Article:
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Whether you celebrate Hanukkah, Christmas, Kwanzaa or Solstice — or you’re simply a guest at a nondenominational holiday party — it’s the season to give gifts. When all is said and done, you may be left feeling a bit exhausted, financially speaking. And there’s no relief in sight unless you’re banking on a big refund from the IRS.
Thanks to a new sort of cost-saving scheme that’s going gangbusters, however, it’s gotten quite a bit easier to commit a bit of green to pampering yourself, or just stretching what remains after you’ve finished with all those boxes and bows.
The exciting new way to exercise consumer clout is en masse.
“It’s definitely exceeded expectations for where we thought we’d be in four months,” say Rob Schutz, a Northern Virginia native who, with a few others, launched “What’s the Deal-DC” in August. “We’ve gotten a great response.”
Schutz says he and his co-coupon entrepreneurs combined their backgrounds in IT and organizing business-related social events — a happy hour for 50, for example — into a purchasing powerhouse. There’s no secret that pooling purchasers can result in a better deal. Insurance companies apply that logic to pharmaceuticals routinely. Companies such as Schutz’s negotiate a certain deal with a retailer or service provider, than extend that deal to their online subscribers. Usually, it means there’s a limit on how many people can take advantage of deal, or a minimum number of purchasers required to launch the deal.
“It’s based on a certain number of people purchasing [an offer], so it encourages people to tell their friends to get to that minimum,” Schutz explains, adding that launching an enterprise that saves people money during an economic downturn is good business.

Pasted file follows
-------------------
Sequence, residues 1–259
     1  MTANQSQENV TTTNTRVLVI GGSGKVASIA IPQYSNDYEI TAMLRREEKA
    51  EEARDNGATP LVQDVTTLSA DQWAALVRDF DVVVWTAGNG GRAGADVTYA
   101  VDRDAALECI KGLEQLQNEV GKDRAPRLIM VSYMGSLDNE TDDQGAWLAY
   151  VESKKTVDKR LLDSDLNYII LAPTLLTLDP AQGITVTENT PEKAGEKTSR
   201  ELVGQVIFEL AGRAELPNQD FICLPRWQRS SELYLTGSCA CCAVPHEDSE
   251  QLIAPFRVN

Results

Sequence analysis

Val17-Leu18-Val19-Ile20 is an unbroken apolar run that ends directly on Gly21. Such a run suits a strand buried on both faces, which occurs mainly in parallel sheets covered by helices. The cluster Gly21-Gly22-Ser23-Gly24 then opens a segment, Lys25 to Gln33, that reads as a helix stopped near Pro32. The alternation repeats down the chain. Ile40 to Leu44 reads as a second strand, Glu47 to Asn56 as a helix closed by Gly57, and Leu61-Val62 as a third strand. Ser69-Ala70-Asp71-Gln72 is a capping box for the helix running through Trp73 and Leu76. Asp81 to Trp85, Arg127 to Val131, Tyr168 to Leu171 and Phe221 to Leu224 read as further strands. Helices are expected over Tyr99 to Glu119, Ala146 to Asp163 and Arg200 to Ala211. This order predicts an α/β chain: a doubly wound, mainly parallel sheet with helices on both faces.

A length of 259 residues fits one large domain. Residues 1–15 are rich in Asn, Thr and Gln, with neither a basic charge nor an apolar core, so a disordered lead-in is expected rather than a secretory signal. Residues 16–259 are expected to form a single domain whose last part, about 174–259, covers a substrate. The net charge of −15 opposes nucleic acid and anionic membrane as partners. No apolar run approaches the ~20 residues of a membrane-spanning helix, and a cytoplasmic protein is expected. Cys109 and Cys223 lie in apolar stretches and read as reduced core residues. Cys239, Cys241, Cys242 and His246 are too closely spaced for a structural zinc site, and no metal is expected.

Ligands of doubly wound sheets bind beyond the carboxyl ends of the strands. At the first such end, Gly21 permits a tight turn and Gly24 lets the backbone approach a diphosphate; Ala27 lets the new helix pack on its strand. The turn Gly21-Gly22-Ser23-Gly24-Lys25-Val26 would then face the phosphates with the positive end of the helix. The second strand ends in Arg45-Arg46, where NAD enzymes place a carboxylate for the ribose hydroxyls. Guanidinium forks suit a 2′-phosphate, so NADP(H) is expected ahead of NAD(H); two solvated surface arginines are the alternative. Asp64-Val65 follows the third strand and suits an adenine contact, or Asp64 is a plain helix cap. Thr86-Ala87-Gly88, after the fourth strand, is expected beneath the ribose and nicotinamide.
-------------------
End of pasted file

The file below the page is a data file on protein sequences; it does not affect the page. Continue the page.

“We’re just hoping the recession never ends,” he teases with a laugh. “But the concept of group buying, being able to aggregate and demand a better deal, I think that’s something that’s going to stick around.”
And What’s the Deal-DC certainly isn’t alone. Locals are also being enticed with group-purchasing deals from “LivingSocial Deals” and “Groupon,” among others. While coupons might be nothing new, what these new businesses offer is a far cry from 25 cents off a can of cat food or two-for-one entrees during ”early bird” hours.
For example, LivingSocial Deals offered $20 bus tickets between D.C. and New York for $8 in October. You could buy as many as you wanted and the strictest restriction was that the tickets must to be used by Jan. 31, 2010. Or maybe the 50-minute “Reykjavik deep-tissue massage” at Hela Spa on M Street NW doesn’t ring your bell for $120 — how about for $65 via What’s the Deal-DC? That coupon is valid through February, requires an appointment and doesn’t include tip. Fair enough. From Groupon, you might recognize some local gay favorites making deals, such as ACE Hardware in Logan Circle and elsewhere, and Artfully Chocolate/Kingsbury Confections — aka ACKC — in both Alexandria and the District.
“It definitely brought in new business,” says ACKC’s Rob Kingsbury of the chocolate boutique’s deal through Groupon. That group coupon allowed about 1,200 people to get $20 in ACKC goods for $10. “They could’ve used the Groupon on anything. They could’ve used it toward a piece of art. We have a 12-piece box of chocolate for $24, and we sold a lot of those.
“With What’s the Deal-DC, we offered a coupon for a card for 10 of our high-end drinks — all about $4 and up. They bought this coupon for about half of what it would’ve cost otherwise.”
The ample savings usually mean that bargain hunters have to jump on these deals, as business owners will only allow a certain number of people to buy into such bargains. For the quick and thrifty, there’s an offer to suit almost any taste.
For those who might feel guilty about spending on themselves — although many offers can be transferred as gifts — What’s the Deal-DC may ease your conscience with its timely charity angle: For a limited time, for every new local-area subscriber to the What’s the Deal-DC, the company will donate $1 to Martha’s Table, Fashion for Paws, or Food and Friends. It’s your call.
So go ahead and get that hot-stone treatment at half price. It’s for a good cause. And it’s half off.
To register for What’s the Deal-DC’s using the company’s fundraising campaign, visit dc.sowhatsthedeal.com/charity. For more about Groupon, visit groupon.com. For LivingSocial Deals, visit deals.livingsocial.com.